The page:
By the time I was four, I was already in love with books.
My favorite (which I still have) was Dr. Seuss’s Horton Hatches the Egg. It’s inscribed to me from my mother’s best friend, a gift on my fourth birthday. I memorized every line of Horton and demanded to hear it read over and over. My parents got so tired of reading it that they would skip parts. I was having none of that. Whatever they skipped, I would recite, make them go back, and “read it right.”
I loved other books, too, like the Pooh series, and Uncle Wiggly.
What?! My parents allowed me to deface my books? Apparently so. This isn’t the only one. I embellished most of my books this way. I added to the stories. They wouldn’t be worth much on the collectibles market, would they? But they’re special to me.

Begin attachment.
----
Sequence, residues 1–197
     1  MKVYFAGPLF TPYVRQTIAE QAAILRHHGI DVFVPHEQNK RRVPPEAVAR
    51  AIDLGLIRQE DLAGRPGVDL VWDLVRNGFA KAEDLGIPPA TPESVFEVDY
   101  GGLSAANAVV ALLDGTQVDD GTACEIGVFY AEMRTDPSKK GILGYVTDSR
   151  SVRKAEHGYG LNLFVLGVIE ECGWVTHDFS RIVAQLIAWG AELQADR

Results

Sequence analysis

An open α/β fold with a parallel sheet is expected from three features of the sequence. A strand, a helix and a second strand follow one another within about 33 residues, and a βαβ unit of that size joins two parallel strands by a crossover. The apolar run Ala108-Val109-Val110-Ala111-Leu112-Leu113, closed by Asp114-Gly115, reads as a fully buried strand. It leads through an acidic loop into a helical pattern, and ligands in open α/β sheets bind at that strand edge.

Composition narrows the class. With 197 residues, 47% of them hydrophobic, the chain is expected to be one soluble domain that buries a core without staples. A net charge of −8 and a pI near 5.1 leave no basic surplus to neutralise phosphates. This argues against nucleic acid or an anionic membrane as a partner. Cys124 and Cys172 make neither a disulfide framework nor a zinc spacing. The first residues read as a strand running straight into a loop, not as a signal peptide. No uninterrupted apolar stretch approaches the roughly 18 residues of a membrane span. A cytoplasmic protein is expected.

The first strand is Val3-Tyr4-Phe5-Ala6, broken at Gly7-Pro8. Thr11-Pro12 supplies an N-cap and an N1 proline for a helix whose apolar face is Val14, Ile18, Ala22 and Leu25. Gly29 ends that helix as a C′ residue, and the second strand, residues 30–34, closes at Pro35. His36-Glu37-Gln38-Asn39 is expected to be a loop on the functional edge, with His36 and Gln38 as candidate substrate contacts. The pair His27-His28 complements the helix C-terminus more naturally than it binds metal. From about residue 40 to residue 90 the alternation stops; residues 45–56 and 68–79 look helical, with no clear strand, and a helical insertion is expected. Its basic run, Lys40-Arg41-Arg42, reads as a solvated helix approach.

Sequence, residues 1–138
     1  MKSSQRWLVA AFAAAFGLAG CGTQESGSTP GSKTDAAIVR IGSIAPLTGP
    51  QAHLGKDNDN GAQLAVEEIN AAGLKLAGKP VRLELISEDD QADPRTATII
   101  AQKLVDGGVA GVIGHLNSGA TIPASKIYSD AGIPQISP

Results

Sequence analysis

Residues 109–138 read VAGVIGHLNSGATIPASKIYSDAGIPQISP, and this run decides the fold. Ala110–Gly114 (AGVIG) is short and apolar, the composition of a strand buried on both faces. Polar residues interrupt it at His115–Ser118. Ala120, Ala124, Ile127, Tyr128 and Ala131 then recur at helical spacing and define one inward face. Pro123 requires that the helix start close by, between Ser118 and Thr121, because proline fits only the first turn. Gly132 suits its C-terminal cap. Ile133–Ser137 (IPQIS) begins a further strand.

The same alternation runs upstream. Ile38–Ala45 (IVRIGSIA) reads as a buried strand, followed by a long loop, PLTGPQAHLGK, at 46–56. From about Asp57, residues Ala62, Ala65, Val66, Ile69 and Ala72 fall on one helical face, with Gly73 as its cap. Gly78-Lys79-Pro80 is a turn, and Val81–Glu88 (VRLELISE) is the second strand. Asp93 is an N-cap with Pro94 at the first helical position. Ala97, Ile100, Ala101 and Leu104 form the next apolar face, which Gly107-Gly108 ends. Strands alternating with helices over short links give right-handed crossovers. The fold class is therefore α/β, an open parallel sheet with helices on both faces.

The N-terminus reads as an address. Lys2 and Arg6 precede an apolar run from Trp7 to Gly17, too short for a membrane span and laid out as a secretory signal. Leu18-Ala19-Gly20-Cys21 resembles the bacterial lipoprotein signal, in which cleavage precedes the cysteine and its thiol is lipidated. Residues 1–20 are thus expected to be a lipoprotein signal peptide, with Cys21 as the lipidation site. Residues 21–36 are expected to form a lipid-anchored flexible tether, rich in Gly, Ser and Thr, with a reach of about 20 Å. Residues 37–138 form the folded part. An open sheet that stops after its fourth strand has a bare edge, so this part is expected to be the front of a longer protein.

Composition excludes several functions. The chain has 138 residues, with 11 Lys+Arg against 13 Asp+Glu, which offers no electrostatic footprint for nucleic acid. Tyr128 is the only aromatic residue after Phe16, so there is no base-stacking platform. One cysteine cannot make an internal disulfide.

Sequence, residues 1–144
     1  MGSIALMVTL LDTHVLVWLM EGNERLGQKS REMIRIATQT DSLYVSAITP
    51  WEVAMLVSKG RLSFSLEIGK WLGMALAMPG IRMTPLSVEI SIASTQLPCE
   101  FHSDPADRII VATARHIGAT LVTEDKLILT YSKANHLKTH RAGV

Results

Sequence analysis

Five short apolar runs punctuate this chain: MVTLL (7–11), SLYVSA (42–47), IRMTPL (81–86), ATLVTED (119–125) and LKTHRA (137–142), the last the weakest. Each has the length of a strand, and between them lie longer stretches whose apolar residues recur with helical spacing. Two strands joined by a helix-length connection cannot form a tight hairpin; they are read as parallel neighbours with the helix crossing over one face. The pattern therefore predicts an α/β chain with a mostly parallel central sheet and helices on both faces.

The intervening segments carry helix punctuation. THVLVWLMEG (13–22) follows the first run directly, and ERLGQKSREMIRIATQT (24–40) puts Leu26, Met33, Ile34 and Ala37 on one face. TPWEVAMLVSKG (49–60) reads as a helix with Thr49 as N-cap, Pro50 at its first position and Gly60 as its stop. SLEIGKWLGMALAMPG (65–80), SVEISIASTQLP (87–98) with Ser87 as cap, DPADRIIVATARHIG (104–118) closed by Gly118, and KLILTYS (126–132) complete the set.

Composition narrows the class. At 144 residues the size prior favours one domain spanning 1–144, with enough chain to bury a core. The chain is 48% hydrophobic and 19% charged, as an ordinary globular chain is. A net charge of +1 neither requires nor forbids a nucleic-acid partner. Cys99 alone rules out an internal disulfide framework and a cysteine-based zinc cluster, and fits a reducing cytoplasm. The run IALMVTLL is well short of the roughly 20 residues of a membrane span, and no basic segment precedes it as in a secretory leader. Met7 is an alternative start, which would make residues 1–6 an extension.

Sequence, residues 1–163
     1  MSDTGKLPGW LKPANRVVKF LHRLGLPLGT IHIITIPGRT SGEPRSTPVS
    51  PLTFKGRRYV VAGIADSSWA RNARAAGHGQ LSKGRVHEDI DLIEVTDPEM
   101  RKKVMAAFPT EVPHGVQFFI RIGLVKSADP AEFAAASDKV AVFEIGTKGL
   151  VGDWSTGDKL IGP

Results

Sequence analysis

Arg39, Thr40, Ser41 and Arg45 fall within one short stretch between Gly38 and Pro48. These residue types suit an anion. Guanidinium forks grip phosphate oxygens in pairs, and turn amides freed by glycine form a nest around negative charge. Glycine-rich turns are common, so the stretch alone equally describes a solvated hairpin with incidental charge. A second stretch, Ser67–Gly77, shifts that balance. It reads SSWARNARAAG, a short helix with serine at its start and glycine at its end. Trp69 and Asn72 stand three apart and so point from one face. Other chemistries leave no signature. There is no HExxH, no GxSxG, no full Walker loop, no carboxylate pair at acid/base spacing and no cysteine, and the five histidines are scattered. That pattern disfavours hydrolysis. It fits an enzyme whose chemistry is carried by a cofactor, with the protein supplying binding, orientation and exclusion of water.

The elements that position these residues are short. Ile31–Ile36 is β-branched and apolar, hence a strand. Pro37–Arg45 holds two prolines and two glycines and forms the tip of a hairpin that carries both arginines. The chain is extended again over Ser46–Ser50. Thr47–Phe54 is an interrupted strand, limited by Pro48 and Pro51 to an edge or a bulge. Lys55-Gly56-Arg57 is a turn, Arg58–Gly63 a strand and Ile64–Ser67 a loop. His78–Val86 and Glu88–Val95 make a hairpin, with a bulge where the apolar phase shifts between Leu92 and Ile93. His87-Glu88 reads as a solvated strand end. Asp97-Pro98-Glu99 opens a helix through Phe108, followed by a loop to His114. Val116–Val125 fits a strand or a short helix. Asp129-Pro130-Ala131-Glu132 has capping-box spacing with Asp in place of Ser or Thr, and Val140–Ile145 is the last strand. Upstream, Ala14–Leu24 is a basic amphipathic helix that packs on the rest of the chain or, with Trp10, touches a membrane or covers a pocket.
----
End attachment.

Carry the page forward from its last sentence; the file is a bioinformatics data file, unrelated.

A. A. Milne’s illustrations didn’t do it for me. I had to add a little artwork of my own.
Only child. Quiet house. Books and crayons. I was drawn to imagination and the world of stories. It took a while for me to discover that I really could be a storyteller. Years and years. But here are my beginnings.
What role did books play in your early childhood?
This is Day Four of Jane Ann McLachlan’s October Memoir and Backstory Blog Challenge. Follow the link to learn more.